Southern University’s new president-chancellor says he frames every big decision around how he can help students succeed
Dennis Shields brings an especially poignant perspective to the value of higher education.
As Southern University’s new president-chancellor prepares to grow the school system’s enrollment, leverage new resources and expand curriculum programs, the native of rural Iowa draws from a childhood in which education was a badly needed salve.
“I come from sort of unusual origins,” says Shields, who was appointed president of the Southern University System and chancellor of Southern University and A&M College last July. “I spent the first five years of my life in a Catholic orphanage, and after that grew up in a foster home, a boys’ home and another foster home.”
Concerned and caring adults in Shields’ life believed in his ability to excel in the classroom, he says, encouraging him to aim high. Shields earned an undergraduate degree from Graceland College in rural Lamoni, Iowa, followed by a law degree from the University of Iowa College of Law.
“Law school gave me a portal into a life that I would never have imagined when I was 10 years old living through what I did,” Shields says. “That’s how I see higher education’s core mission. Every decision I make, as a leader of this institution, is through the lens of ‘How does this help our students succeed and have great outcomes?’”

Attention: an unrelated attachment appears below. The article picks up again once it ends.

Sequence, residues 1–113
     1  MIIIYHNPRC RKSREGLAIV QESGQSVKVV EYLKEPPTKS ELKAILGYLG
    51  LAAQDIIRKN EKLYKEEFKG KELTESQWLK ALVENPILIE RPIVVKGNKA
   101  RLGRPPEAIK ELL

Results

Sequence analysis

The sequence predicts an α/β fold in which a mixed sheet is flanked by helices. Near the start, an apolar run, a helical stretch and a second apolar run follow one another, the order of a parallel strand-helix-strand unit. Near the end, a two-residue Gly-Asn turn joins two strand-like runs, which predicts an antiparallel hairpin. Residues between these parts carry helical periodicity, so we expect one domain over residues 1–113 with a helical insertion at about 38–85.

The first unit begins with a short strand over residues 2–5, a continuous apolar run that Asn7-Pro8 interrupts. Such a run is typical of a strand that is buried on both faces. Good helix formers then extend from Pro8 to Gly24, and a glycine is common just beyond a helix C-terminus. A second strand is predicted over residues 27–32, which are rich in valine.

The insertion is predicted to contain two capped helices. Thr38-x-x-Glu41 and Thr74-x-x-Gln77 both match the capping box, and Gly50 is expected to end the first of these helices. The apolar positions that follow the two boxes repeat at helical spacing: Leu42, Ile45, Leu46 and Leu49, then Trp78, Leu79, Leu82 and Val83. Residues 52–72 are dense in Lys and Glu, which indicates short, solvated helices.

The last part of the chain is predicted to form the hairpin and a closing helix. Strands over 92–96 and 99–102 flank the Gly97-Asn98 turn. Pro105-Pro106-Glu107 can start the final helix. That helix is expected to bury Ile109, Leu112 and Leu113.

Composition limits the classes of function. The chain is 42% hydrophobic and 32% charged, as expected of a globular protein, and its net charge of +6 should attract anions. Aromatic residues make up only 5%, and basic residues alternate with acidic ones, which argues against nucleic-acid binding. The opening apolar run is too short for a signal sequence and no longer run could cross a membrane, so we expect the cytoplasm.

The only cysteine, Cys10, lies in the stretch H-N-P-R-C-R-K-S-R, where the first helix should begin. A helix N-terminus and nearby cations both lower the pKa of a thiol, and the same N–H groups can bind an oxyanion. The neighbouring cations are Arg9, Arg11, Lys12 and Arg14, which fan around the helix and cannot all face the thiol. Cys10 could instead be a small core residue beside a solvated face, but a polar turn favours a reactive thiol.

After graduating from law school, college admissions became a point of interest for Shields, particularly concerning diversity and inclusion. It shifted his focus away from the idea of practicing law to working in higher education. He held positions in admissions at the Iowa College of Law, University of Michigan Law School and Duke University School of Law. Later, he served as dean at Phoenix School of Law and vice president for student affairs at The City College of New York.
Today at Southern University, 70% of students are the first generation in their family to attend college, Shields says, fortifying his enthusiasm for creating a learning environment that fosters success. It was one of the factors that contributed to his leaving his role as chancellor of the University of Wisconsin Platteville to lead Southern.
“Southern University presented an interesting opportunity,” Shields says. “It’s the only historically Black university system, and it has a storied history. To be affiliated with it is a privilege.”
A Midwesterner by birth, Shields says he welcomed the chance to not only help Southern grow, but also to further its connection to Baton Rouge.
“I’m a big believer in being a steward of place,” he says. “And as a university system, we have a real opportunity to connect Southern with Scotlandville here in Baton Rouge and connect the system’s other campuses to New Orleans and Shreveport. The ability to make an impact locally, statewide, regionally and nationally is not the kind of opportunity presented by very many institutions.” subr.edu
This article was originally published in the January 2023 issue of 225 magazine.